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It’s now cheaper to build a new wind farm than to keep a coal plant running

Inflation dictates that the cost of living will continue to rise — except, it seems, when it comes to renewable energy. The cost of building a new utility-scale solar or wind farm has now dropped below the cost of operating an existing coal plant, according to an analysis by the investment bank Lazard. Accounting for government tax credits and other energy incentives...

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Duke Energy Begins Final Phase of Mt. Sterling Solar Project

Great Smoky Mountains National Park officials announced that Duke Energy will remove utility poles and overhead powerline along a 3.5-mile utility corridor that extends from the park boundary at Mt. Sterling Road (Hwy NC284) to the Mt. Sterling Fire Lookout Tower beginning Monday, November 19, 2018 through Friday, November 30. Work will not occur on weekends or the...

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New permit system will limit hiking in Oregon’s Mount Jefferson, Three Sisters wilderness in 2020

Hiking and camping in three of Oregon’s most popular wilderness areas will be restricted starting in 2020, an attempt by outdoor officials to limit damage from growing crowds of visitors. The U.S. Forest Service announced a decision to install a permit system limiting the number of people in the Mount Jefferson, Three Sisters and Mount Washington Wilderness areas....

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In stunning loss, 83% of Santa Monica Mountains federal parkland burned in Woolsey fire

The Woolsey fire burned about 83% of national park land in the Santa Monica Mountains National Recreation Area, a stunning loss of a cherished open space area for Southern California. The Santa Monica Mountains, which stretch from Hollywood Hills to Point Mugu in Ventura County, have long offered Southern Californians a respite from the city below with the range’s array...

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Effect of Recreational Trails on Forest Birds: Human Presence Matters

Recreational activities in nature have increased enormously in the last decades. This trend is raising concerns of researchers and conservationists about the potential impact of human recreation on wild animals. Humans are often perceived as potential predators by wildlife. Thus, when exposed to human presence, animals may react with important changes in their behavior...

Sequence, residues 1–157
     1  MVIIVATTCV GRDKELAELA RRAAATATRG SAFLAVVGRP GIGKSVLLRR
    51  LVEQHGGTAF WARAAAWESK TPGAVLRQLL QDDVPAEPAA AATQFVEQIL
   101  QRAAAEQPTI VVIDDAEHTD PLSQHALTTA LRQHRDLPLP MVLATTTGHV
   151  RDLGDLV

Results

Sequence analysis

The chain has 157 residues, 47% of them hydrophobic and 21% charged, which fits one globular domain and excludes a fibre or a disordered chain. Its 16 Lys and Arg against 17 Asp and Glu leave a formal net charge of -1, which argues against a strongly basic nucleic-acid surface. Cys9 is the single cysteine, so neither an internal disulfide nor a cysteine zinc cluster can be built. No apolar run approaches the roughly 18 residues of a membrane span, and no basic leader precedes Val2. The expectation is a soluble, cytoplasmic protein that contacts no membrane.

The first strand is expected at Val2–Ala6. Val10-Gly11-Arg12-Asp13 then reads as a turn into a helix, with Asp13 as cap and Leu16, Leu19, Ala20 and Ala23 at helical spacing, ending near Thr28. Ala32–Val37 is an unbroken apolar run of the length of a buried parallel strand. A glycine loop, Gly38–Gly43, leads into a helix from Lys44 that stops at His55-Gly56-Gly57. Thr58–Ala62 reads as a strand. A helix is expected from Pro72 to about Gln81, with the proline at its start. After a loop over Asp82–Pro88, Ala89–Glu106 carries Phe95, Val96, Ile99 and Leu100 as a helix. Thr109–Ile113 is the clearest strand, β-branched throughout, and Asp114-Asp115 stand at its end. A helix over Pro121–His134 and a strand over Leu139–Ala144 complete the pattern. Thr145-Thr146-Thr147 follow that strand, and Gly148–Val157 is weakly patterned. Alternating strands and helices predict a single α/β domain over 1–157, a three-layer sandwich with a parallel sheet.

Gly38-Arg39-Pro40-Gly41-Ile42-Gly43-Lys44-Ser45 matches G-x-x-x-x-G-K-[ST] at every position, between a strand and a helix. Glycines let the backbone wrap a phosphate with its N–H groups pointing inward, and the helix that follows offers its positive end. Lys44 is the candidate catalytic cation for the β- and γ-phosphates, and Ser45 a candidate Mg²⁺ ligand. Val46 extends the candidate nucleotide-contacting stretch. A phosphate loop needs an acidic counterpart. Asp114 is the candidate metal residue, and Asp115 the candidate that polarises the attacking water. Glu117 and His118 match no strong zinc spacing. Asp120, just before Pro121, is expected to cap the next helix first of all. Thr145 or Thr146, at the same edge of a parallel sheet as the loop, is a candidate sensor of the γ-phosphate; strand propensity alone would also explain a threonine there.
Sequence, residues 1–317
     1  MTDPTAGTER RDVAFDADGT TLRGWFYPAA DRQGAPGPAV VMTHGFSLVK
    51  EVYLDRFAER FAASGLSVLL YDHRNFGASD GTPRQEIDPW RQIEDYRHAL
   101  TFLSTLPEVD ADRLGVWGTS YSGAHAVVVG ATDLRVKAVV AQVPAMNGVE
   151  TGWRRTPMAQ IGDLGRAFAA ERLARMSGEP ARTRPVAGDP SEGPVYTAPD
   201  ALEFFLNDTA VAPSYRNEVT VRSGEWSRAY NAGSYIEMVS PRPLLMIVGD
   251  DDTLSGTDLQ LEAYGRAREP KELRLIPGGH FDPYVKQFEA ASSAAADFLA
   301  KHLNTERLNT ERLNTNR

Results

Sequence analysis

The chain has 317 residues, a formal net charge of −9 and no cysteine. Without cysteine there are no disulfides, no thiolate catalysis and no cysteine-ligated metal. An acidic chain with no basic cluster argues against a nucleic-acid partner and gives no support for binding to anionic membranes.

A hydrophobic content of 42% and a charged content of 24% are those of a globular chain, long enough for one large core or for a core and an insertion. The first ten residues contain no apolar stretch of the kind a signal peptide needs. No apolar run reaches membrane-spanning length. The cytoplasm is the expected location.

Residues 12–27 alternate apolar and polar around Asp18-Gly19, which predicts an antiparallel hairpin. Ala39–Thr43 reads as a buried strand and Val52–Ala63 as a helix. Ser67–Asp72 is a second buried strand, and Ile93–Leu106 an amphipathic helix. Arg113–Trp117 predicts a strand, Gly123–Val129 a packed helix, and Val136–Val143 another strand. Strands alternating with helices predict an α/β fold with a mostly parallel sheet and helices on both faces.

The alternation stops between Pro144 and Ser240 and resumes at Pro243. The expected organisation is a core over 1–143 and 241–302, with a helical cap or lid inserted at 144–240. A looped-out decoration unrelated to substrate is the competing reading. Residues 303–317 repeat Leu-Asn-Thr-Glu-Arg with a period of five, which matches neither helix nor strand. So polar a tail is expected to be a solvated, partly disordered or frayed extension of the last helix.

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First International Agreement Protecting Newly Opened Arctic High Seas

The Pew Charitable Trusts today praised the signing of an international agreement that prevents unregulated fishing in the high seas of the Central Arctic Ocean for at least 16 years unless science-based measures are agreed upon and established. Delegations from nine nations and the European Union met near Greenland’s Ilulissat Ice Fjord to finalize the accord, the first...

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Veterans Day Is Fee Free at Our National Parks

Many national parks have direct connections to the American military—there are dozens of battlefields, military parks, and historic sites that commemorate and honor the service of American veterans. In addition, every national park is part of our collective identity that defines who we are and where we came from as a nation. They are tactile reminders of the values, the...

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Widely Used Mosquito Repellent Lethal For Salamanders

Insect repellents containing picaridin can be lethal to salamanders. So reports a new study published in Biology Letters that investigated how exposure to two common insect repellents influenced the survival of aquatic salamander and mosquito larvae. Insect repellents are a defense against mosquito bites and mosquito-borne diseases like dengue, chikungunya, Zika, and...

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Red wolves can’t be arbitrarily killed, federal judge rules

  A federal district court judge has forbidden the US Fish and Wildlife Service from allowing private landowners to kill nonthreatening red wolves, ruling that the agency has violated several sections of the Endangered Species Act. Chief US District Court Judge Terence Boyle ruled that the USFWS can no longer grant “take permits” except under extremely narrow...

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Come see forests and peaks, but clean up, New Zealand says

New Zealand has a message for the visitors drawn by its deep mossy forests, bubbling mud pools and magnificent peaks: clean up after yourselves. A new campaign called the “Tiaki Promise” is telling everybody traveling to the country to take responsibility for looking after it. The country wants visitors to pick up litter and otherwise take care of their surroundings so...

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Yet-to-be-discovered dinosaur fossils may be at risk after Trump slashed the size of Grand Staircase-Escalante